In today's Wall Street Journal, former House Speaker Newt Gingrich offers some new and unneeded advice to the Democratic Party. He says our presidential nominee, whichever is selected, will be "tainted" following a "divisive and delegitimatized" contest. Newt doesn't want delegates elected by voters in Florida and Michigan to be seated at the convention this coming August. And he doesn't like superdelegates either, suggesting that these long-time Democrats who work day in and day out for the party and working people are somehow illegitimate.
Newt says that "Democrats are caught in a double-bind: Disenfranchising the voters in Michigan and Florida while allowing party insiders to pick the party's nominee has all the makings of a Democratic civil war."
It's not surprising that Newt is interested in the Democratic presidential race, considering how most of the nation has more interest in the Clinton-Obama contest than in John McCain's eager but unconsummated embrace on the Republican side of the extreme right. But unlike most of us, who think the two Democratic finalists are engaged in one of the most memorable and dynamic campaigns in history, Newt thinks we've descended into "a slog."
Some slog. Democrats are proud of the campaign. We want a competition, not a coronation. Our leading candidates are offering clear choices and strong leadership to reverse the disastrous course that George W. Bush and his Republicans allies in Congress have set for our country.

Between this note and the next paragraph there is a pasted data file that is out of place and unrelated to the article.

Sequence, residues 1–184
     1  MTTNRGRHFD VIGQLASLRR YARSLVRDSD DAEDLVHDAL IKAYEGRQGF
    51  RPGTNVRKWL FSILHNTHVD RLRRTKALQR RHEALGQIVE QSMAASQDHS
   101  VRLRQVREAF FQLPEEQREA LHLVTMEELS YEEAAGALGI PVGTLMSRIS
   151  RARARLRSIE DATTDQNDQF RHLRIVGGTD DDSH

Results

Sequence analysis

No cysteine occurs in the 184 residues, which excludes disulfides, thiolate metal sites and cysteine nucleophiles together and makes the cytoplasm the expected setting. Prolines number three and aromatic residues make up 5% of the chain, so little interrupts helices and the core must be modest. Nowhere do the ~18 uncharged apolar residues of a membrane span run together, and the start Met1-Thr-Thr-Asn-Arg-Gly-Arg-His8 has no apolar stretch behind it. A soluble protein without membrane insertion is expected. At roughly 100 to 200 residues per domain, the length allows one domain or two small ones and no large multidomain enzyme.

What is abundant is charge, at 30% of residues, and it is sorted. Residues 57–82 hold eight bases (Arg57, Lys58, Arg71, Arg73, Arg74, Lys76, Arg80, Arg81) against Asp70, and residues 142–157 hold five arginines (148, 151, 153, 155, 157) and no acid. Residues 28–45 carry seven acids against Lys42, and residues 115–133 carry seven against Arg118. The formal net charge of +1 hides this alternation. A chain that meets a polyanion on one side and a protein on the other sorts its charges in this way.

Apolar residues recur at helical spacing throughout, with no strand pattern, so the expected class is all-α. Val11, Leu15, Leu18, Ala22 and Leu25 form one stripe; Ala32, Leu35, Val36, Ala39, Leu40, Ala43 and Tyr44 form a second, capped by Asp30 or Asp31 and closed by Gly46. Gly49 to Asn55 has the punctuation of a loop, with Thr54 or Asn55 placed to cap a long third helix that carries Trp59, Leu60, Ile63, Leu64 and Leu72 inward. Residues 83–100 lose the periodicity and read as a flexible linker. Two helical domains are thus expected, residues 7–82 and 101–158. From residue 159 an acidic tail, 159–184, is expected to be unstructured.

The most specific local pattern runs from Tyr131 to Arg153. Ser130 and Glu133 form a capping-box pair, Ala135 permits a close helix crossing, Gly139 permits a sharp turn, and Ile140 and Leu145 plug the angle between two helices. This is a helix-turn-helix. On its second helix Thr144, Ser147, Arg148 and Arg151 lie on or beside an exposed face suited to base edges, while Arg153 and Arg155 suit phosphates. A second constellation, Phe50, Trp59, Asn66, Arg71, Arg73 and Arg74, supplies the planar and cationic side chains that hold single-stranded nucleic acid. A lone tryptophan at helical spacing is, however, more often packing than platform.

There is more than a little irony in reading Newt Gingrich discussing concepts such as integrity, unity and legitimacy. They are not qualities he has championed in the past. Instead, his modus operandi has always been fostering division, sowing discontent and undermining the will of the people. His "Contract on America," which led to the Republican Party's on-going economic war against the middle class, should have defined him for all time.
So, of all the people in this world, I think the last one Democrats will listen to is Newt Gingrich.
Even on the merits, he's got it wrong. He suggests that the solution "for the integrity of the process, is a do-over. Hold the Michigan and Florida Democratic Primaries again." There is another solution, one that makes far more sense in terms of producing a legitimate outcome at the Democratic convention: Seat the delegates Florida and Michigan selected on primary day.
Senators Clinton and Obama, as well as former Senator Edwards -- complied with the rules and refrained from active campaigning in both states. Democrats in both states turned out and voted in huge numbers. They want a new direction for this country. We should make sure their vote is counted and that it counts for something.
I certainly hope Newt Gingrich doesn't take his advice seriously, because Democrats don't. If I were offering advice to Newt, it would be to spend more time rebuilding his own tattered party, rather than telling us how to run ours. He should try to get Rush Limbaugh and Ann Coulter to make peace with John McCain. Now that's a civil war.